Amy Law is a science geek. She feels about science the way some people feel about music, or art, or sports – a total and complete emotional connection. She thinks in science.
For Amy, there’s nothing better than helping people see the beauty of science as she does. She loves to untangle a complicated subject into its parts, explaining it so that anybody can understand what’s happening. Let her show you her world...
Still, she wants people to be happy, and she knows how hard that is right now. So she and her best friend Zoe are going to demonstrate a very sophisticated technique for keeping their spirits up — playing chase.
She demonstrates basic techniques here with Zoe. Notice that Tegan lets Zoe have a nice lead before she catches her.
Tegan advises that you need to pace yourself with frequent breaks for maximum endurance.
Then, it’s Zoe’s turn to chase Tegan. Again, Tegan is careful to not get very far ahead of Zoe. Most Important Note: The game has to be fun for everybody.
Only quit when everybody has run until their tongues hang out. (Zoe never lets her tongue hang out very far. She doesn’t think it’s a good look for her.)
When everybody is tired and their stress gone, it’s time to go in and have a nap on the couch with your best buddy in the world.
Turkey vultures are big birds — the biggest you are likely to see, with the exception of an eagle or an American white pelican.
You’re not going to mistake a vulture for a pelican. The others are a little more problematic.
I have the most trouble telling a turkey vulture from bald or golden eagles. Although golden eagles may hold their wings in a slight “V”, most often they hold their wings flat.
Turkey vultures are also “tippy” when they fly — they are so light that air drafts bounce them around. Eagles are not “tippy”. It’s beneath their dignity.
And neither a bald or nor golden eagle have the translucent trailing wing feathers.
Swainson’s hawks, or a broad-winged hawks are both tippy and fly in a V. But both these hawks have shorter, broader wings, and are smaller. They also often brownish-red and have white markings on their wings or bodies.
You might confuse it with a black vulture, but black vultures just seem smaller overall — shorter wings, much shorter tail, with a dark grey head. Plus, black vultures are limited to the southern US down into South America. I have to travel south if I want to see a black vulture.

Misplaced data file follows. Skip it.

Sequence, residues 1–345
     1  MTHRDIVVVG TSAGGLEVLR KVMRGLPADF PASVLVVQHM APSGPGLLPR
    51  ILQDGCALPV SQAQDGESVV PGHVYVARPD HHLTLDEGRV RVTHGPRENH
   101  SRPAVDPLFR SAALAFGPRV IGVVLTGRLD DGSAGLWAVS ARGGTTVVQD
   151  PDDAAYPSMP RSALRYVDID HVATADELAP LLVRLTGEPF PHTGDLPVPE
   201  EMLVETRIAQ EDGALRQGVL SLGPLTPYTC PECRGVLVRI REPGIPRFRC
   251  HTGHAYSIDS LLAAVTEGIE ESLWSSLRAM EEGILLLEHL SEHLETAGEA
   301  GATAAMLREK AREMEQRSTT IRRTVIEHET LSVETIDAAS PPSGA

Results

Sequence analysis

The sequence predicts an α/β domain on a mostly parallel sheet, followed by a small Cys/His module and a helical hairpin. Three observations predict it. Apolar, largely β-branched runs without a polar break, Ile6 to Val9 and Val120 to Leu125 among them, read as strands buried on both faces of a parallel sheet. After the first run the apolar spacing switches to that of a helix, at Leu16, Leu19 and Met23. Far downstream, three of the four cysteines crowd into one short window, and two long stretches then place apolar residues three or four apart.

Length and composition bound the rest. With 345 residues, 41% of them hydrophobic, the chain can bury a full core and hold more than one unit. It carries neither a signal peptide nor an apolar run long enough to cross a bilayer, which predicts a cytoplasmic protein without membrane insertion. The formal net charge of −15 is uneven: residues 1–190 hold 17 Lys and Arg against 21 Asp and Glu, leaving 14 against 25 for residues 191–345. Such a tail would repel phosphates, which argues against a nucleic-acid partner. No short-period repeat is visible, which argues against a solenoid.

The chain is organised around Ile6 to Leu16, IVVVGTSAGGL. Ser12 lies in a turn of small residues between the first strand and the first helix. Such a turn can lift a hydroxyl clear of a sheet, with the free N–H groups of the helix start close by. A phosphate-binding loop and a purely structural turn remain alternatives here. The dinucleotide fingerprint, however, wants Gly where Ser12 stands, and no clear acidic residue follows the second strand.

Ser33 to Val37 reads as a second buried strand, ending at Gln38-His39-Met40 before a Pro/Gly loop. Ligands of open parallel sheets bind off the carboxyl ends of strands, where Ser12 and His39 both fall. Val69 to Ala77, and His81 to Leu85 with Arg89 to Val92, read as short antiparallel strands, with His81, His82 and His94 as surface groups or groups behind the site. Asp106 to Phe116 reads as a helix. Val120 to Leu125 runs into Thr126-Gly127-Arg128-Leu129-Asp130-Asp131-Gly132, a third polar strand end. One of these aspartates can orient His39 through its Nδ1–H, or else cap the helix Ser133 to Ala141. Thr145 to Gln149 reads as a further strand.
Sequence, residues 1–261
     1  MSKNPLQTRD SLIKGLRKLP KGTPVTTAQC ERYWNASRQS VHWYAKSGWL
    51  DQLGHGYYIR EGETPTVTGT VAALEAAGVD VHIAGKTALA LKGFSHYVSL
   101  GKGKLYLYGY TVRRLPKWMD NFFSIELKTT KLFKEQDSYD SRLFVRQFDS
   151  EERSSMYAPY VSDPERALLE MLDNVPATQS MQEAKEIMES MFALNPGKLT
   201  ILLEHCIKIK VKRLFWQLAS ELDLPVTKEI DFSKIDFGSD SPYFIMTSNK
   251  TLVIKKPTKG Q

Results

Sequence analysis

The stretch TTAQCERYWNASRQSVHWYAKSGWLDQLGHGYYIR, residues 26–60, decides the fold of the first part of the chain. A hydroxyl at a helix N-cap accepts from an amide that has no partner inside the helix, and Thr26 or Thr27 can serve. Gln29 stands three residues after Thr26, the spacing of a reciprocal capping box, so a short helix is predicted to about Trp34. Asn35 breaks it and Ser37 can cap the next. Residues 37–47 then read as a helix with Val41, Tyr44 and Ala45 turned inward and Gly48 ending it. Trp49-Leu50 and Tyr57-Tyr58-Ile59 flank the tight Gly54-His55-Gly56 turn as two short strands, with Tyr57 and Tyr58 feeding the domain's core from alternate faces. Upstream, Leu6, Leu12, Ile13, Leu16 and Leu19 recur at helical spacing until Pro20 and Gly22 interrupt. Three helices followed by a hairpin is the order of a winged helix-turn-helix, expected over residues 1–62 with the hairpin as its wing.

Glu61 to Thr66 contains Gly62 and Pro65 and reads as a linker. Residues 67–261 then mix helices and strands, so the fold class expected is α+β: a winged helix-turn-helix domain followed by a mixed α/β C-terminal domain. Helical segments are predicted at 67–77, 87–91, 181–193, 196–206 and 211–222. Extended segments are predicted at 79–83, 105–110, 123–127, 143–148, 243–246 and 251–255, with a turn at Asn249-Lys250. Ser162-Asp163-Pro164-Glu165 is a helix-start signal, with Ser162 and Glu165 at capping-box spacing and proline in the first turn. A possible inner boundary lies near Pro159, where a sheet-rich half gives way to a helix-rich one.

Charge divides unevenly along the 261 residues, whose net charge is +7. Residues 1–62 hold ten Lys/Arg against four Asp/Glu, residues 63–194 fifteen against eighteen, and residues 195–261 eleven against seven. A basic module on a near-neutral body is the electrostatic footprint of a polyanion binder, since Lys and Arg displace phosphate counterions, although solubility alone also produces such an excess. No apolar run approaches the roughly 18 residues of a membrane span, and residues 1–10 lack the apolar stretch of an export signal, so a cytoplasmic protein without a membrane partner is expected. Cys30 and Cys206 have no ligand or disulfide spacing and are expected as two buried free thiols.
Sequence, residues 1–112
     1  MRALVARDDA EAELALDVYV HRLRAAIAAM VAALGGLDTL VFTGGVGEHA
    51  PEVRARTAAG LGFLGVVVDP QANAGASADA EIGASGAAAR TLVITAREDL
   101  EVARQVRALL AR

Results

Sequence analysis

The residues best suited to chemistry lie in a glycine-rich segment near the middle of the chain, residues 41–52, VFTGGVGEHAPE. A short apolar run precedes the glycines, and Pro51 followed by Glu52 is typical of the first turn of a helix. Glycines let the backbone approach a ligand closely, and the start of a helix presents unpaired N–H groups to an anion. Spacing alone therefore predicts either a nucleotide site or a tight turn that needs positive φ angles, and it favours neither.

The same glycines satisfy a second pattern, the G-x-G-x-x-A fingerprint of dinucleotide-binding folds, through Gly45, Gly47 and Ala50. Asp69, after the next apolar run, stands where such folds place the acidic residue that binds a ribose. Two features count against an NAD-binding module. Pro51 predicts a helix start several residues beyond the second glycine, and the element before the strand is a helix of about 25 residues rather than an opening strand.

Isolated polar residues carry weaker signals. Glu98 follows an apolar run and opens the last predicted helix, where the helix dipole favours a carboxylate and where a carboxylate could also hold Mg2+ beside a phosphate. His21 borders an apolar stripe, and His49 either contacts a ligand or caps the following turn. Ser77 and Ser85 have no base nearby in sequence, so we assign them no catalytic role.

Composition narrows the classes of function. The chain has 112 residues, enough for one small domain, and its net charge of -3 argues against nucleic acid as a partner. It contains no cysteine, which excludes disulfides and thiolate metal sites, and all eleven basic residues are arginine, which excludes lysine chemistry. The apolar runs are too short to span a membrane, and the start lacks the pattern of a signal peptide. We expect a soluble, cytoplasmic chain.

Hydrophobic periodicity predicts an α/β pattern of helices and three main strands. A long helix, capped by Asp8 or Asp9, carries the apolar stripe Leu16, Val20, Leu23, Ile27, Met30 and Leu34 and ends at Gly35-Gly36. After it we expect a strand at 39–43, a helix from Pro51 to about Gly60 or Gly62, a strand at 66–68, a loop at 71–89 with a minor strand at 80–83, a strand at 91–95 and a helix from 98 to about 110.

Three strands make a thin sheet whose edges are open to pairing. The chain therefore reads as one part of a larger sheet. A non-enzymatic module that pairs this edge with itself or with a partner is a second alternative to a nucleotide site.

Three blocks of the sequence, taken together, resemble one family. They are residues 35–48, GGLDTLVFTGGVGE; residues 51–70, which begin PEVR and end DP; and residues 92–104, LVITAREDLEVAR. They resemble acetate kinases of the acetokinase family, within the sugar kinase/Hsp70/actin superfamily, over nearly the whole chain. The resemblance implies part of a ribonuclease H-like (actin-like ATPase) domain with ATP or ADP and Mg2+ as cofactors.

It’s been a long, hard winter. I hope you enjoy your first signs of spring, whatever they are!
We’ve had lots of charming visitors to our birdfeeders over the winter, including both red-breasted and white-breasted nuthatches.
This is a male red-breasted nuthatch. As with just about every bird species, the males are more distinct in their plumage. Actually in nuthatches, the difference is not so dramatic — his head is capped with black feathers, while females are capped with grey, and their bellies are less red. Learn more about red-breasted nuthatches here: https://amylaw.blog/2016/02/23/nuthatches-pairing-up/.
As with all nuthatches, he is very comfortable tapping his way down a tree headfirst, looking for insects that live beneath the bark. Often I will hear their “tap tap tap” before I see them.
I’ve been hearing a lot of their bleating calls recently, seeming more than normal. As always, I wonder if I’m really hearing more birds, or just noticing them more.
Red-breasted nuthatches prefer spruce-fir forests across North America. This confused me for a little bit, because I don’t normally think of the Front Range as “spruce-fir forest”. But we are up at about 6000 feet, and just about every yard in our neighborhood has a blue spruce in it, so I guess it fits the bill.
Interestingly, this tree that I photographed him in is a green ash. I’m not complaining, because I would never have seen him in a blue spruce. And there are three mature blue spruce growing within a hundred feet of it to keep him happy.
The next day, I heard “tap tap tap” and came out to see a white-breasted nuthatch moving down the trunk of the same green ash tree. This makes more sense — white-breasted nuthatches prefer broadleafed forests across North America.
White-breasted nuthatches don’t have distinct breeding/non-breeding territories. Instead pairs live in the same territory all year round.
Their honking calls “are longer and less nasal” than those of the red-breasted. Okaaaay. I’ll have to listen closer, because all honks have sounded alike to this point.
Again, this is a male, because of his dark head; again females have grey heads.
Both white-breasted and red-breasted nuthatches eat a variety of seeds and insects that they find under the bark. The difference in their niches seems to be the type of forests that they prefer. Which makes our mix of blue spruce and ornamental broad-leafed trees a happy combination to be home to both species!
I went out to the garden yesterday to see when I could start taking my frustrations out on it planting my spring vegetables in it. As I walked up to the garden, though, I saw movement in one of the trees on the edge of it.
This little gourd birdhouse blew out of the tree during a storm over the winter. We picked it up out of the snow, and re-hung it on the nearest branch. Now, a black-capped chickadee has decided to check it out. The mate sat in the branches nearby.